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Although smoking is widely known as the leading cause of lung cancer, it damages other organs in the human body, too - particularly the heart. Indeed, coronary heart disease, the number one cause of death for most Americans, can result from smoking. What's more, the risk for coronary heart disease is 2 to 4 times greater in people who smoke.
Smoking isn't just bad for your heart, either. Breathing in secondhand smoke can have a dramatic impact on the cardiovascular system. The Surgeon General's report states that spending just a short amount of time in a smoky room can cause immediate, negative effects, such as damage to the lining of the blood vessels, a decrease in blood flow, and blood platelets becoming stickier – all increasing the risk for a heart attack.
Other studies agree. A recent article in the European Heart Journal explains that just 20 minutes of secondhand smoke exposure negatively affects blood platelets to the same degree as actively smoking one or two cigarettes. Another study in Finland found that children ages 8 to 13 exposed to secondhand smoke showed thickening of the arteries, an early warning sign of heart disease.
What about Menthol?
Some people believe that menthol cigarettes are less harmful than regular cigarettes, but there is no evidence to support this. Instead, there is some research to suggest that menthol cigarettes are more addictive, according to the U.S. Department of Health and Human Services. While the Food and Drug Administration banned flavored cigarettes in 2009, menthol cigarettes are still available. If you currently smoke menthol cigarettes – or any cigarettes – quitting would greatly improve your heart health.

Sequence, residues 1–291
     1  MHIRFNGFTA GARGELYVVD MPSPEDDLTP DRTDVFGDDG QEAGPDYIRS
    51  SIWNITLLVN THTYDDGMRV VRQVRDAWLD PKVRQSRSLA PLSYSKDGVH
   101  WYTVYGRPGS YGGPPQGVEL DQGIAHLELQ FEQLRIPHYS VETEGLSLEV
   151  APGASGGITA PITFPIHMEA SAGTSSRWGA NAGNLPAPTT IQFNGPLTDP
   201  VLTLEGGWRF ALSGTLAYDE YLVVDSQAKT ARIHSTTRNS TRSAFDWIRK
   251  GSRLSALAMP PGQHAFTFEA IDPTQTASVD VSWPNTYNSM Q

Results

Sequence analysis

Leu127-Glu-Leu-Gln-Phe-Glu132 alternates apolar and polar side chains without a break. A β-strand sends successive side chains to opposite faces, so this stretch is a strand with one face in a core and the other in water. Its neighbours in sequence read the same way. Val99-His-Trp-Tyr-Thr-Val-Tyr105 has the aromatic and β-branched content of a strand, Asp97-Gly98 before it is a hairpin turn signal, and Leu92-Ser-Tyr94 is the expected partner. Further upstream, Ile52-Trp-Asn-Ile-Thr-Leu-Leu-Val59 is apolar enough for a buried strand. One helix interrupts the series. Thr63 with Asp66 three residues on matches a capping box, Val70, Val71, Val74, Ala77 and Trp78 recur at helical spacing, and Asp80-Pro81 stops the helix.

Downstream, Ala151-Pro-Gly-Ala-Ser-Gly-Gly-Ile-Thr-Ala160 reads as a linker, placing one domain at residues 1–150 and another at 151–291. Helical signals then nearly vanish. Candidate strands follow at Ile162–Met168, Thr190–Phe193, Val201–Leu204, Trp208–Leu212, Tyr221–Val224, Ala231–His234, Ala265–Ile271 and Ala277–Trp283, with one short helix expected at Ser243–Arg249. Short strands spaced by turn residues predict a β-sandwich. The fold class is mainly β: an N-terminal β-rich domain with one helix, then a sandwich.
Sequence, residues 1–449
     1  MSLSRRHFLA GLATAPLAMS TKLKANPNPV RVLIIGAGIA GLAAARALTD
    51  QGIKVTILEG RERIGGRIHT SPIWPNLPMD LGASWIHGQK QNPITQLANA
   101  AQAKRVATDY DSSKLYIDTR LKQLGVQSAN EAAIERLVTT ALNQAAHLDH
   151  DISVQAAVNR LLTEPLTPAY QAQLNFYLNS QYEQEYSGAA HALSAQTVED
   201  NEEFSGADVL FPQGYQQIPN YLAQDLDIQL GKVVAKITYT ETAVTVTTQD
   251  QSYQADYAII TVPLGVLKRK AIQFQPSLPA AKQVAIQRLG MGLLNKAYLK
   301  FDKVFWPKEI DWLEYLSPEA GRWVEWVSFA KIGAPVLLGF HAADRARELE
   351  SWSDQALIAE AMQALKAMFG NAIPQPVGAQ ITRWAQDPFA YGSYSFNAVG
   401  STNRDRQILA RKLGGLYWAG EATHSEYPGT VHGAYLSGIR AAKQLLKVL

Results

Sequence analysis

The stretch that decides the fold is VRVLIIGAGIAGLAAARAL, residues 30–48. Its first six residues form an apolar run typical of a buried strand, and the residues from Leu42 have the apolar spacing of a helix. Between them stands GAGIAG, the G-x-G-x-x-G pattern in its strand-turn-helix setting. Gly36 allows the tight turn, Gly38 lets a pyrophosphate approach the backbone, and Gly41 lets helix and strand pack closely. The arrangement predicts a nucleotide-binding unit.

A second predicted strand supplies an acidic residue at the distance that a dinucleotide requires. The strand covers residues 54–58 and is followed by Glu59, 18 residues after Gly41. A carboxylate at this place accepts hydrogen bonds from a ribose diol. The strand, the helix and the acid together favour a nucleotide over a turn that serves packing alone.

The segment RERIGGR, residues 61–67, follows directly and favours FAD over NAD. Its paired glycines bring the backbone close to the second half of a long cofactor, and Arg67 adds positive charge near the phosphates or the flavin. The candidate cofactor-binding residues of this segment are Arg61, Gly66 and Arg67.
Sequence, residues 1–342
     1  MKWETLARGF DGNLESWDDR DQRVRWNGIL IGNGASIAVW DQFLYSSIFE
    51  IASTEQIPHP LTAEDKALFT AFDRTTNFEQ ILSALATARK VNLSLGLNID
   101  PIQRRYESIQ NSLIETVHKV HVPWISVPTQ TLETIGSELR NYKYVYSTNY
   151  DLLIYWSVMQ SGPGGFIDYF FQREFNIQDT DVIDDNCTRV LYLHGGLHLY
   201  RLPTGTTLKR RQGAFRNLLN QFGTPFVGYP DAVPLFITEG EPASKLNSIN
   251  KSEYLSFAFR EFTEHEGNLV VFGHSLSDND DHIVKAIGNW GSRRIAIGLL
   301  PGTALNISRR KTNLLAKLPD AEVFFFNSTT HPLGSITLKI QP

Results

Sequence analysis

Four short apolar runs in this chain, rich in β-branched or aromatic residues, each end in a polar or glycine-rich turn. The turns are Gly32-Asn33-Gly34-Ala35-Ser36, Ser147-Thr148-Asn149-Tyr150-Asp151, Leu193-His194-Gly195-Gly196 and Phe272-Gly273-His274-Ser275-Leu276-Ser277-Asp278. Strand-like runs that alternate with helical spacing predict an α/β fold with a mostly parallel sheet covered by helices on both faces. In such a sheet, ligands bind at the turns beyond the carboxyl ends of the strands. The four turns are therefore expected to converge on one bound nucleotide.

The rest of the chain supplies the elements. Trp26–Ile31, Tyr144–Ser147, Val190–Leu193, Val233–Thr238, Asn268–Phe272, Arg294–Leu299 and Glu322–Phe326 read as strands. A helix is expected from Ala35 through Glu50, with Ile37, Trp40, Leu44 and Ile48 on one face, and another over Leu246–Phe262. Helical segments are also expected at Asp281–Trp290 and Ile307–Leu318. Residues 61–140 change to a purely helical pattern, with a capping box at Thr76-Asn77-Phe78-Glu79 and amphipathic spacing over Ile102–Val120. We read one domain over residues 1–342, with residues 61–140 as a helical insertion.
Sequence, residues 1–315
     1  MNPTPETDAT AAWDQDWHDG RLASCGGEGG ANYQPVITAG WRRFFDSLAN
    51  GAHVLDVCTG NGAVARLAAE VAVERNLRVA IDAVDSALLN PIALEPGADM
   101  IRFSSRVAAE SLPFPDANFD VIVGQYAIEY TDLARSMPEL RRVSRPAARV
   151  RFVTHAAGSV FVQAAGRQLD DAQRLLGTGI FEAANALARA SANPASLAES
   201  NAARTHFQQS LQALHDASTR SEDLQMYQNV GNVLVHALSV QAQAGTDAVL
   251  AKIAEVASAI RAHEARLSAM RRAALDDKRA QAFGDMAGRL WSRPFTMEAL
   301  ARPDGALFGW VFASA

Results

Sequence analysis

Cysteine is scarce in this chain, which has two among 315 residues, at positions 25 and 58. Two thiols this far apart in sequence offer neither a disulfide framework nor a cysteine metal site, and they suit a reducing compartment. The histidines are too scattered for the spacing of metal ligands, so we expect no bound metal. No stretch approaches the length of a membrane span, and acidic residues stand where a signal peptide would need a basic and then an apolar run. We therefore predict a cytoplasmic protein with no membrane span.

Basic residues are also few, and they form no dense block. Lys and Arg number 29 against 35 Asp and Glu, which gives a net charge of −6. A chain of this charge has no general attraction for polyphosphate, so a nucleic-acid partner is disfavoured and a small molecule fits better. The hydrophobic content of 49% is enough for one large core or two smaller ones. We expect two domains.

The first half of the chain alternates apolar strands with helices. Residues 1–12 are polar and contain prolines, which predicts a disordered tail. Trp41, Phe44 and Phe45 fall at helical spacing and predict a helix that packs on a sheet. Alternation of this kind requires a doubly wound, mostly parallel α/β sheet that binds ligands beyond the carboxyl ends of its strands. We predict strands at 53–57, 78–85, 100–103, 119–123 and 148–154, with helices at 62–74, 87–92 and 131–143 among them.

Take Quitting Smoking to Heart
You may have heard many of these statistics before but it hasn't made quitting any easier. But quitting smoking is never easy. Many people don't succeed on the first—or even second—try. But eventually they succeed. So it's worth trying again.
Every puff of a cigarette harms your heart a little bit more. Smoking increases your heart rate and blood pressure. Increased heart rate and blood pressure make your heart work harder than it normally would.
Smoking also damages arteries and leads to the buildup of plaque. Blood clots can form more easily and block the flow of oxygen-rich blood to the heart, leading to a heart attack. When you have heart failure, your heart is already weaker than normal, so it is especially important to not smoke.
Look After Your Heart
The good news is that as soon as you quit smoking, your body benefits. 20 minutes after your last cigarette, your heart rate and blood pressure improve. Within 12 hours of being smoke-free, your blood has less carbon monoxide. And within a few weeks, your circulation improves.
People with heart failure who quit smoking have a reduced risk of death and are less likely to have a second heart attack. Quitting also lowers your risk for stroke, lung cancer and other cancers. Plus, it gets easier to exercise, breathe and smell and taste food.
Make a Plan
Ready to quit? To boost your chances of success, follow these steps:
Sources: American Cancer Society; American Heart Association; European Heart Journal; Krames Staywell; National Heart, Lung and Blood Institute; U.S. Department of Health and Human Services